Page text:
One of the must-see neighborhoods in Prague, Czech Republic is Josefov, the old Jewish Quarter in the north of the Old Town. Mom and I had planned to simply wander around the area while we were in Prague, but when we spotted the first synagogue, we decided to buy a ticket that would allow us entry to many of the monuments in the Prague Jewish Quarter and we spent about an hour or two immersing ourselves in Jewish history, culture, and architecture.
Here's a look at the places you can visit in Josefov, Prague's Jewish Quarter.
- Places to visit at Josefov, Prague's Jewish Quarter
- Sites at Josefov we didn't visit
- Josefov with a guide
- Where to stay in Prague
- How to get to Prague
- Other things to do in Prague
- Save money on your trip to Prague
- Pin for later
Places to visit at Josefov, Prague's Jewish Quarter
1. Maisel Synagogue
The Maisel Synagogue was rebuilt several times after its erection in 1592. It hosts a permanent exhibition about the history of the Jews in the Bohemian Lands, including historical objects, explanation panels and a virtual tour of the old Prague.
The building itself is nice, but not really impressive. While the exterior is nice, the synagogue lies squished in between two other buildings and behind a fence of black metal bars. The interior looked really well-maintained but rather simple.
Entry to the Maisel Synagogue is included in the Prague City Card.
2. Pinkas Synagogue
I found the Pinkas Synagogue to be more impressive. The interior wasn't that rich, but one room has the names of the nearly 80,000 Jewish victims of the Shoah from Bohemia and Moravia on its walls and that does something to a person. It did to me, anyway.
The Synagogue was turned into a memorial in the late 1950's and it was then that the names were painted. With the arrival of communism in 1968, the memorial was closed to the public. It wasn't reopened until 1995 after it had undergone serious renovation works.
If the names don't move you, the children's drawings certainly will. One room of the Pinkas Synagogue holds an exhibition of paintings made by Jewish children who lived in the Terezin ghetto during the Second World War. Most of them died in the gas chambers of Auschwitz-Birkenau.
Entry to the Pinkas Synagogue is included in the Prague City Card.
3. Old Jewish Cemetery, Prague
The Old Jewish Cemetery in Prague was founded in the first half of the 15th century, which makes it one of the oldest still existing Jewish burial sites in the world. National Geographic has listed it in its Top 10 Burial Sites to Visit and I have to agree that it's a pretty special place.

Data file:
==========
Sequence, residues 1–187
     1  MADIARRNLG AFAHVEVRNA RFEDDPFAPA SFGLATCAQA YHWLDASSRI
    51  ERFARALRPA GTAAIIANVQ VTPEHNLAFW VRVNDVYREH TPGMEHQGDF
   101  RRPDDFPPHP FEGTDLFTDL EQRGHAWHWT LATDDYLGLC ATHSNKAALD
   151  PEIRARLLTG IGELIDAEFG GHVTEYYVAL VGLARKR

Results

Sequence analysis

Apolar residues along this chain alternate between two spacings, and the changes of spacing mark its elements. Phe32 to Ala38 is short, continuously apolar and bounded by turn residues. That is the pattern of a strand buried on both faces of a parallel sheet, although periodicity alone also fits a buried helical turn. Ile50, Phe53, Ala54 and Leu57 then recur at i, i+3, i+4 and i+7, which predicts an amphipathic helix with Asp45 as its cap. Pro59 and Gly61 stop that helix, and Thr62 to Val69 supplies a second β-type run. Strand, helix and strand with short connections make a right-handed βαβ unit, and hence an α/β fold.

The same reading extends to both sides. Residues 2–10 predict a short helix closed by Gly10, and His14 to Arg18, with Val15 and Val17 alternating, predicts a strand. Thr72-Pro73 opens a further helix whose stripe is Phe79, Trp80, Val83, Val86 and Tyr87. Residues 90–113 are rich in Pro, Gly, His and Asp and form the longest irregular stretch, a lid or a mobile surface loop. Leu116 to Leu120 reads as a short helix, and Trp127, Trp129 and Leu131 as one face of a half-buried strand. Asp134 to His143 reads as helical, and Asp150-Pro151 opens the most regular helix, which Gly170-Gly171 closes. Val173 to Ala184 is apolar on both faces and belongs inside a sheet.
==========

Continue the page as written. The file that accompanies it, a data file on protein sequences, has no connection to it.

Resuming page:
There's only one narrow path that runs through the cemetery and, unfortunately, when we were there, so was tour group and a school. It made it impossible for us to visit the cemetery at our own pace, but we managed to sneak past some groups and take everything in any way.
The cemetery was in use from 1439 until 1787. There were so many bodies and so little room, that graves were layered on top of each other going up to 10 layers. We obviously couldn't see the layers, but both mom and I were struck by the seeming randomness of the placement of the gravestones. They stuck out of the ground everywhere, often crooked and almost falling over.
We also noticed how visitors had left little pieces of paper with a stone on them on top of the tombstones. I later read that the papers contain wishes written on them as some people believe the death can fulfill wishes. However, the stone you use must be from the place you are from. It's considered disrespectful to the death if you take a stone from the graveyard.
Some stones didn't have papers under them, though, and a little further digging told me that it's a Jewish tradition to leave the stones as a sign that you've visited and remember the deceased.
Entry to the Old Jewish Cemetery is free with the Prague City Card.
4. Spanish Synagogue
The Spanish Synagogue was definitely the most impressive of the Jewish historical monuments we visited. Or maybe it was simply the most ornate. The interior contains Moorish elements based on the design of the Alhambra in Granada, which is also where the synagogue got its name from.
Inside, there's an exhibition about the history of Jews in Bohemia and Moravia, as well as one of over 200 silver artifacts coming from those regions.
I've tried taking some good photos, but it was hard with all the people in the room. To get a small glimpse of what I mean, check out the short video below and the 360° tour of the Synagogue on the Jewish Museum website.
Entry to the Spanish Synagogue is free with the Prague City Card.
Sites at Josefov we didn't visit
5. Klausen Synagogue and the Ceremonial Hall
The Klausen Synagogue is located close to the Old Jewish Cemetery. It's the largest synagogue in Josefov and the second main synagogue of the Jewish community in Prague. Inside, there's an exhibition on Jewish traditions and customs, with a lot of attention for religious customs and the role the Klausen Synagogue played in those.
You can see the second part of that exhibition at the Ceremonial Hall, located right next to the Old Jewish Cemetery. It focuses on the history and work of the Prague Burial Society that used the mortuary that was once located in this building.